Bombs Over Przewodów
Russia, cowed by its failures, unleashes terror from the skies. Was it a massive miscalculation?
Shortly after 1pm local time, the air raid sirens across Ukraine went off.
For the next nine hours, most of the country would be in a state of bombardment. Roughly 100 cruise missiles and suicide drones rained down across the country, slamming into power generating substations and transmission lines, knocking whole cities into darkness.
In the barrage of missiles, an explosion rocked a sleepy farming town in eastern Poland, marking the second — but most serious — instance of the war in Ukraine spilling over into the EU’s borders.
The wave of attacks come amid humiliating failures for Putin in territory that, at least according to the Kremlin, is Russian. The violence is a direct appeal to the jingoist propagandists whose unquestioning support has flagged amid defeat after defeat.
On a special Bug-eyed and Shameless, we’re going to look at the state of war in Ukraine, after one of the most reckless and dangerous days of Russian aggression yet.
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Russia has a missile problem. The problem? They’re running out of them.
It’s been no great secret that Russia’s military was in dire straits even before the war in Ukraine — or, at least, that’s become clear since its invasion of Ukraine.
We probably remember well Russia’s blitzkrieg into Ukraine last February: The screaming fighter jets overhead, the array of missiles, attack helicopters descending on border towns. After months of buildup, Tsar Vladimir Putin seemed intent on showing the world what the Russian military was capable of.
That show of force was designed to finish off Ukraine quickly. The plan — which looked foolish at the time, and is now downright absurd — was to sweep into Kyiv, remove the government, and reinstall the Russian client state in Ukraine.
That plan wasn’t just arrogantly optimistic. It was necessary. Russia never had the capacity to mount a full-scale, prolonged war against its neighbour, and the specifics of that are becoming increasingly clear. Its primary advantage was in the air: Via jets, helicopters, and missiles. Without that advantage, overcoming Ukrainian resistance would be near impossible.
According to Ukrainian estimates, Russia has now used or lost 1525 drones, 278 aircraft, 261 helicopters, and 474 cruise missiles.
Let’s focus on those missiles, because those big numbers don’t tell the whole story.
Going into this war, Russia had some shiny new cruise missiles. They had the Kh-101 Kodiak.,(because it’s a bear, get it?) an upgraded version of the Soviet-era Kh-55. There’s also the slightly older 3M-54 Kalibr. It’s those missiles that have been Moscow’s preferred long-distance weapon, even if each one costs north of $1 million USD.
In July, however, Ukraine-watchers noticed something: Russia was firing other missiles westward: Namely, Kh-32 (an upgrade of the Soviet Kh-22). That’s novel because those missiles are anti-ship weapons. The UK Ministry of Defense even identified the Kh-32 as the likely culprit behind a deadly strike on a Ukrainian supermarket — a strike that Russia initially denied, insisting it had actually struck a nearby machinery plant, contradicted by evidence showing the shopping mall was hit directly. Even still, Russia kept blathering on about its “high-precision strike.”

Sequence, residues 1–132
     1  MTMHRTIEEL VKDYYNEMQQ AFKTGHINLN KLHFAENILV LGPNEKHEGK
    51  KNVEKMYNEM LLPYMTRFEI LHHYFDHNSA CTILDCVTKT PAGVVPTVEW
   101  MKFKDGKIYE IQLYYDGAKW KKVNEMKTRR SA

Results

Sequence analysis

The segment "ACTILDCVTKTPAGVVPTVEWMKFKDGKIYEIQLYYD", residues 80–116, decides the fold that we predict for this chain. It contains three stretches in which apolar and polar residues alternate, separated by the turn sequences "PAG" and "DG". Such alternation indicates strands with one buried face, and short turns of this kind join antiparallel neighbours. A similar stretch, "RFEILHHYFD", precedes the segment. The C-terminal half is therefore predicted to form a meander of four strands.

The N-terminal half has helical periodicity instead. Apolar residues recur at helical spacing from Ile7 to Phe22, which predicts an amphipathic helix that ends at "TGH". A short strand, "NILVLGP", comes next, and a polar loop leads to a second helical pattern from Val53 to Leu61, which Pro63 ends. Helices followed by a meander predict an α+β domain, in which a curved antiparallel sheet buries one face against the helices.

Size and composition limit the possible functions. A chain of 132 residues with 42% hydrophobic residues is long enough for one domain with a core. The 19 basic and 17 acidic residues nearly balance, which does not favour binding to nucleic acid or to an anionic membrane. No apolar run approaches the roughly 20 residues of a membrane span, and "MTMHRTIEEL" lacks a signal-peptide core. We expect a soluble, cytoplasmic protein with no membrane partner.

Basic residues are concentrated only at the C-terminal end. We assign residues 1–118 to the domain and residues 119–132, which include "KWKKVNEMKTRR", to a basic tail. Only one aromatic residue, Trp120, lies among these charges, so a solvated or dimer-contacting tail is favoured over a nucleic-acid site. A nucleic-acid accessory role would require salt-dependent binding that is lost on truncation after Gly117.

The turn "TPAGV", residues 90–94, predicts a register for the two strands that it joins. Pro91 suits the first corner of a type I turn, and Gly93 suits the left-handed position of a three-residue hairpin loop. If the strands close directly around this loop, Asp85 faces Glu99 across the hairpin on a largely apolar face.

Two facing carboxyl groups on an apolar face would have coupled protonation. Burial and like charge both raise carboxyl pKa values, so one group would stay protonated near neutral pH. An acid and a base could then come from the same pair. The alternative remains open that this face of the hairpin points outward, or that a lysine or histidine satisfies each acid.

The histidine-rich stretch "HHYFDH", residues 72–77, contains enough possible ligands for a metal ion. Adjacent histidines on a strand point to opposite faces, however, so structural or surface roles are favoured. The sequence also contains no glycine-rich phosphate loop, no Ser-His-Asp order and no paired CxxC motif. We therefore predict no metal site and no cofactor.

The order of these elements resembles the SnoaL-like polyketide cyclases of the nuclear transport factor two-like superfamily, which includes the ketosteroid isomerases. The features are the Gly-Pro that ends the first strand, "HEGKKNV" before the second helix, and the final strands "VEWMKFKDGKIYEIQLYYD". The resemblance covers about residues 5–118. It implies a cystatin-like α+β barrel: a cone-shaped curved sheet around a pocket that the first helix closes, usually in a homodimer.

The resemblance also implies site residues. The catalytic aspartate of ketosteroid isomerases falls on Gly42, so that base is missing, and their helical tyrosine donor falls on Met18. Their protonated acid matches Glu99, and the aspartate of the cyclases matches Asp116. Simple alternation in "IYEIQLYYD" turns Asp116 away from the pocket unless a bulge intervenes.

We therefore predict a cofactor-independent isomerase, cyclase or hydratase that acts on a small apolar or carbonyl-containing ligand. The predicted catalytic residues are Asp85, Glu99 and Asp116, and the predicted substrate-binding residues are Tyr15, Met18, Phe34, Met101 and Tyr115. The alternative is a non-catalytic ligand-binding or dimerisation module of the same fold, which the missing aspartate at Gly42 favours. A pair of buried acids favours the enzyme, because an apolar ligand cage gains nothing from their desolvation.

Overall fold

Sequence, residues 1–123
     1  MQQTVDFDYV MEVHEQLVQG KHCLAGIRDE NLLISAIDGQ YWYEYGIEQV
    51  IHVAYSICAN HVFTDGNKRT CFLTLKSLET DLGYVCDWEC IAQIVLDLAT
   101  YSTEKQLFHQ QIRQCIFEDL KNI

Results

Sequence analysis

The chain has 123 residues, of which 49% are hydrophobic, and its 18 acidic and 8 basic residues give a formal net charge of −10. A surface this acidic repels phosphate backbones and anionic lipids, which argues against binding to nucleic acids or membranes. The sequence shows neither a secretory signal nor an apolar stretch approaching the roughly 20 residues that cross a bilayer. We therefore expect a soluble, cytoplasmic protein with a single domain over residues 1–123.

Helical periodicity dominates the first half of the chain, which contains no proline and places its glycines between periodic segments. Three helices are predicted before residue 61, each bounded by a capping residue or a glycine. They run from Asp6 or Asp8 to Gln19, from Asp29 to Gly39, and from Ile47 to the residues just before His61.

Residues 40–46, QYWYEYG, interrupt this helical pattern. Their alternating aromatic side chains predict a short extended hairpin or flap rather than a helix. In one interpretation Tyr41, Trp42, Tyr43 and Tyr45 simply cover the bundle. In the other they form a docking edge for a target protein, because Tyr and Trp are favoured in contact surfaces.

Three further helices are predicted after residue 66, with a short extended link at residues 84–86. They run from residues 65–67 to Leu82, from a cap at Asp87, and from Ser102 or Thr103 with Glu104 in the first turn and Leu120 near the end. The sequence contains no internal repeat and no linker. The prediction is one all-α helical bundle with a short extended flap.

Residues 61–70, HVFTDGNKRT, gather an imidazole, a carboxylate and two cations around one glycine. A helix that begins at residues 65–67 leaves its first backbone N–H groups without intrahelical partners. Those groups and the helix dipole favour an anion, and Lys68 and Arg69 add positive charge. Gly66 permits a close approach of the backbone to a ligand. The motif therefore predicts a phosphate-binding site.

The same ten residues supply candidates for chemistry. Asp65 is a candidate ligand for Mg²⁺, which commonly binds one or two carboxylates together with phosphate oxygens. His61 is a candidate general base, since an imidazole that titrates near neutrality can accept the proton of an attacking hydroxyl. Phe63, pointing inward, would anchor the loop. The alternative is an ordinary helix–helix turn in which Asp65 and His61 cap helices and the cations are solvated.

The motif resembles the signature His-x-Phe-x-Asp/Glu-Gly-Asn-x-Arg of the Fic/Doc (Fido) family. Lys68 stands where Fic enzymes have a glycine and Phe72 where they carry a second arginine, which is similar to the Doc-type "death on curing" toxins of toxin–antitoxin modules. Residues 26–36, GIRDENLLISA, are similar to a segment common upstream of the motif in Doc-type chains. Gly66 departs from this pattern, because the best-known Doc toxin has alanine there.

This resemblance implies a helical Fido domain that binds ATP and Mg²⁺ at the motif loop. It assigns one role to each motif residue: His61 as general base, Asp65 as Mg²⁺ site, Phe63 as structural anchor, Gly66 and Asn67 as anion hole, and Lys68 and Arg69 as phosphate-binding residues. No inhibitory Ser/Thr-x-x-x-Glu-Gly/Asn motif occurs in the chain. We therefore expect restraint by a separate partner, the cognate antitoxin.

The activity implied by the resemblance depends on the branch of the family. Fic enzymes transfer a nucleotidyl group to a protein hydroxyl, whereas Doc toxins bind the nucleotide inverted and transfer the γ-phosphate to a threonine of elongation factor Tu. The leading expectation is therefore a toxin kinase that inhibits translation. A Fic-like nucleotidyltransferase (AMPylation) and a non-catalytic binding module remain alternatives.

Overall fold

In September, Russia even began using surface-to-air missiles in reverse — firing older S-300 missiles, which are designed to be used as air defense systems, against land targets.
The Kh-32 and S-300 are less accurate than the Kh-101, given they weren’t designed to be fired at ground targets. So why was Russia using them?
Shortages seemed to be the most likely answer. It’s not that Russia was completely out of Kh-101s, posited two researchers with the International Institute for Strategic Studies, but that “Moscow could have a floor below which it does not want Kh-101 numbers to fall in case of any contingency operation besides the ongoing war in Ukraine.” They went on to suggest that Russia may even convert some of its older Kh-55 missiles, which primarily carry nuclear warheads, into conventional missiles.
The reduction in Russia’s more capable LACM [land-attack cruise missiles] inventory and the use of Kh-22 and Kh-32 is indicative more broadly of a shortfall in Moscow’s holdings of precision air-launched munitions. The conventional guided-weapons sector suffered from woeful under-investment in the 1990s and early 2000s, with numerous projects delayed or cancelled. The Kh-101 programme, for example, started in the late 1980s but took over 20 years to enter service. Production rates, while not known, would appear to have been inadequate.
-Douglas Barrie, Joseph Dempsey (IISS)
As the summer turned into fall, Russia’s failures on the battlefield became more and more painful. Ukrainian forces had liberated the suburbs of Kyiv by March, pushing Russian forces further east. By May, Kharkiv had been liberated. Through the summer, into September, surprise attacks pushed Russian forces from huge swaths of land in the north and the south. The tide was absolutely going in the wrong direction for Moscow, and they seemed completely unable to recalibrate. A ‘partial’ mobilization seemed to revert to a classic Russian tactic: More bodies.
Even when Russia deployed new technology, it had an air of desperation. Heading into October, Russia began deploying Iranian-made kamikaze drones — essentially outsourcing the work of its domestic cruise missiles to a limited supply of Iranian-made technology. Strikes of all kinds continued, but the pace slowed.
On October 24, the Institute for the Study of War provided this interesting bit of insight, relying on Ukrainian intelligence. (Emphasis mine.)
The slower tempo of Russian air, missile, and drone strikes possibly reflects decreasing missile and drone stockpiles and the strikes’ limited effectiveness of accomplishing Russian strategic military goals. Ukraine’s Military Intelligence Directorate (GUR) Chief, Major General Kyrylo Budanov, stated on October 24 that the impact of Russian terrorist strikes against critical Ukrainian infrastructure is waning as Russian forces further deplete their limited arsenal of cruise missiles. Budanov stated that Russian forces have stopped targeting Ukraine’s military infrastructure, instead aiming for civilian infrastructure to incite panic and fear in Ukrainians. Budanov noted, however, that Russian forces will fail as Ukrainians are better adapted to strategic bombing than at the beginning of the war. Budanov claimed that Russian forces have used most of their cruise missile arsenal and only have 13 percent of their pre-war Iskander, 43 percent of Kaliber, and 45 percent of Kh-101 and Kh-555 pre-war stockpiles left.